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In need of a good, portable word processing device

by Pesmerga515 / February 18, 2012 10:02 AM PST

Looking for a portable word processor (basic Word/Open Office level) and have never owned a netbook or tablet. The physical keyboard of the netbook seems like it would give it an advantage, but portability, resolution and price are factors to consider as well.

Again, I want to stress that this device will be used ONLY for word processing. Other features like games, web-browsing, etc. are irrelevant and would potentially distract me from my writing anyways. I'd love to pick up something in the neighborhood of $100, but $200 is the very most that I'd care to go.

Can anyone recommend a specific model or two?
Thanks in advance.

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All Answers

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Bah. Netbook?
by R. Proffitt Forum moderator / February 18, 2012 11:40 AM PST

Since you want it only for word processing and the price at 100 to 200 bucks you are forced into a machine that I can't stand to use for very long.

Sorry, but at this price point there is nothing in the market for you.

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Suggestions for portable word processing device
by Saffron345 / April 3, 2012 10:02 AM PDT

I understand why you want such a device. I really wanted something like this in college, and even after college I spent years looking for a cheap, portable, distraction-free word processor with a long battery life. PDAs, tablets, and smartphones had too many features and weren't designed with serious writing in mind. (I wanted a full-sized keyboard.)

I bought a portable keyboard called the QuickPad, which offered basic text-only word processing and simple spreadsheet data entry. I think the company may have gone out of business. I still use the QuickPad sometimes, but ultimately the low price of netbooks won me over, and I now do most of my writing on a netbook with a distraction-free word processing program. If you want to go this route, try installing Q10 ( or FocusWriter (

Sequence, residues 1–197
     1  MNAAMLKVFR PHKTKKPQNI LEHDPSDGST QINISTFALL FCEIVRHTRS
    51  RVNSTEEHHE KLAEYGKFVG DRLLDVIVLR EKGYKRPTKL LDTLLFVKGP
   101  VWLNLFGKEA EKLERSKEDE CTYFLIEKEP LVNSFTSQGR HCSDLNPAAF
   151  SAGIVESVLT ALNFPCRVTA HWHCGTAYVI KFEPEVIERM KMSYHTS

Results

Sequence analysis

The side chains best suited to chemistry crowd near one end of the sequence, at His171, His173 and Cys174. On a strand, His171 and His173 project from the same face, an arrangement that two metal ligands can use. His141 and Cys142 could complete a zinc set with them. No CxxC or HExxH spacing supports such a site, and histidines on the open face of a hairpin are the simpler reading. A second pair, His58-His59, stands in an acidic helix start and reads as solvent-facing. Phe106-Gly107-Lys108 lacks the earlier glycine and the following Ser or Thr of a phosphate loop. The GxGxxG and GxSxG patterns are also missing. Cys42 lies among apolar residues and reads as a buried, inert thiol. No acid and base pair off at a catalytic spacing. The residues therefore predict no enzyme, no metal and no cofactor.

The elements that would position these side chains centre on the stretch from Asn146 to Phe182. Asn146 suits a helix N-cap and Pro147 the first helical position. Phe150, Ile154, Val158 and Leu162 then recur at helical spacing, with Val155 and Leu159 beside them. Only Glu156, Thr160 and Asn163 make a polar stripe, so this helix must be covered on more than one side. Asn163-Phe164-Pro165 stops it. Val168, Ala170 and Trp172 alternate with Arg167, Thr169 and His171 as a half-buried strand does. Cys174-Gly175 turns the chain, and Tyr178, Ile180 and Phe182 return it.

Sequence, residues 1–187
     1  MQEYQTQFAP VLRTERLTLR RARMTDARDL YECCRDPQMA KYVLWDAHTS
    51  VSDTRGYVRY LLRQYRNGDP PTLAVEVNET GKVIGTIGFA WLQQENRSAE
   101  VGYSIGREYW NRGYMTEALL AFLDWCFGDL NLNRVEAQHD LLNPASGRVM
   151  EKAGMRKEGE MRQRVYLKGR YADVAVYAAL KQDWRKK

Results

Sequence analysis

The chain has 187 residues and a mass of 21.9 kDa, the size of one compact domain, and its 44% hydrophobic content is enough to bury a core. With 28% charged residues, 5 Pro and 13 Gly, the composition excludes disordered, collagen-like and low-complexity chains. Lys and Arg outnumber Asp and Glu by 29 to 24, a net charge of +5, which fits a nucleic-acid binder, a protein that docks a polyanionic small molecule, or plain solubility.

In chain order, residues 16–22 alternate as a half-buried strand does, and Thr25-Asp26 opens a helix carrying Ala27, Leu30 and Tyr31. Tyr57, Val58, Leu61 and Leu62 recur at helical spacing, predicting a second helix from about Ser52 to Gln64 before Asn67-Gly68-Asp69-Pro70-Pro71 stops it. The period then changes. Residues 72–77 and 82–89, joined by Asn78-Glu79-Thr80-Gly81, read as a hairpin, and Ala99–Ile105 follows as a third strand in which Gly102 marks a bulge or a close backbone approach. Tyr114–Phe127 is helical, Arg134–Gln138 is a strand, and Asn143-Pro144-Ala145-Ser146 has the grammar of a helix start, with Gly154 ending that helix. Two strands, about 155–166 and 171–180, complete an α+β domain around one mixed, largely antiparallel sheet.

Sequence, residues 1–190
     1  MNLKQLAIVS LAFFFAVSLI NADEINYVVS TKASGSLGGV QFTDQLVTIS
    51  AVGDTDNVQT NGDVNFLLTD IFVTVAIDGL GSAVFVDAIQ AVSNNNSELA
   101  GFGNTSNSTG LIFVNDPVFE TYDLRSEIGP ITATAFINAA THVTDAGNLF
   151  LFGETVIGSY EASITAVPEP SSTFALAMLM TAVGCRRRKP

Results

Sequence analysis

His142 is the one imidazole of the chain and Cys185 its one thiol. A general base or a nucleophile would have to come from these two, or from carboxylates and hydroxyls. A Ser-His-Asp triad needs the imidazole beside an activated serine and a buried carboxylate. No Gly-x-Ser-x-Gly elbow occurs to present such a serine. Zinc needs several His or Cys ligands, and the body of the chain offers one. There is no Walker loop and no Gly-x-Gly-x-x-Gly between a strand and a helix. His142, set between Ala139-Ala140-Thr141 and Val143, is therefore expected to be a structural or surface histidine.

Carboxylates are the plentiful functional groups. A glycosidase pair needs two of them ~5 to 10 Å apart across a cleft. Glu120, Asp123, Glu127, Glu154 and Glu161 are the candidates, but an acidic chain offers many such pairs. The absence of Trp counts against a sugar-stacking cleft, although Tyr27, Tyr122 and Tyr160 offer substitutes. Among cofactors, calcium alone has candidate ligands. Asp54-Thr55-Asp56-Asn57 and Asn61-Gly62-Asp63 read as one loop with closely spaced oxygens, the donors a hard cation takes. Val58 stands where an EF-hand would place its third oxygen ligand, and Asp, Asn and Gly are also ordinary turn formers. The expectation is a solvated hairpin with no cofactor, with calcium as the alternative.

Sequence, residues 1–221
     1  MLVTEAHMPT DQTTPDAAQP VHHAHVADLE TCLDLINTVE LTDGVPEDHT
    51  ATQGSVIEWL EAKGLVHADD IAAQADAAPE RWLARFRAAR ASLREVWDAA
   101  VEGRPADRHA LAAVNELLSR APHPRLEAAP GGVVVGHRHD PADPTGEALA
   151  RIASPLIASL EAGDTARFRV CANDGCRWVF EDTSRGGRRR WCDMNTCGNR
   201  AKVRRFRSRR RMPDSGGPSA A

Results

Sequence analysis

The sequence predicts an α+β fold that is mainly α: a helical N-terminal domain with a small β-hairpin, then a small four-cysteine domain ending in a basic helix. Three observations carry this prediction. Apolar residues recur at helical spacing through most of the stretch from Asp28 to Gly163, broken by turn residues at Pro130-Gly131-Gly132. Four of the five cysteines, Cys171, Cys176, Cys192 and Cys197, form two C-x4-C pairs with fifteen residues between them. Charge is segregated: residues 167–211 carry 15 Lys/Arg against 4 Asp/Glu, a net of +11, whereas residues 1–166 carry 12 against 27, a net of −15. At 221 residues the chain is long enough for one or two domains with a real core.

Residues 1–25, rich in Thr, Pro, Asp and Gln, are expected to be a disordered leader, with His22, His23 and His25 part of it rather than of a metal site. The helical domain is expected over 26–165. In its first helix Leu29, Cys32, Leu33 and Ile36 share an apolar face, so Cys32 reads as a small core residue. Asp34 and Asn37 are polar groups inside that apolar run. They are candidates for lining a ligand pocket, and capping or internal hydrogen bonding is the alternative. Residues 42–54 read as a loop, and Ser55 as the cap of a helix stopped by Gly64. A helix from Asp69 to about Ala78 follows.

If you still want a portable, dedicated word processing device, try the AlphaSmart Neo ( at ~$160. A pricier option, with more compatibility with other common office suites, is the Dana (also from AlphaSmart and available at the same site), at $350.

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Dedicated Word Processor
by pberger / October 24, 2014 7:39 AM PDT

In the '80's U used a Brother Power Book extensively. It had a 14 line screen, mono, no hard drive, and battery powered. It had a dedicated word processor, address book, and spreadsheet, all compatible with Brother Word Processors of the day. It had a 25 pin Centronics parallel printer port, so I could hook it up to my dot matrix printer whenever I needed a hard copy. It saved files on a 2.5" floppy, which I would often mail to associates to print out a large spreadsheet.

It was the size of a small laptop or large netbook today, and weighed 4 lbs.

The last model was NB60 Geobook. I had a PN-4400. With the backlight turned off, it would run approximately 8 hours. With the back light, it would operate roughly 2.5 hours.

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Get a used Alphasmart Neo or a brand new Forte Portable
by david heilker / October 21, 2015 7:30 AM PDT

They both offer distraction free writing and a host of other features that exclusively revolve around word processing. The Alphasmart is like <$50 and a Forte is $179 brand new.

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Well A Chromebook
by orlbuckeye / October 21, 2015 11:22 AM PDT

using Goole Docs instead of Worf might meet your price range. You but a Windows machine Open Office would be free but their is a non-free license involved with Word.

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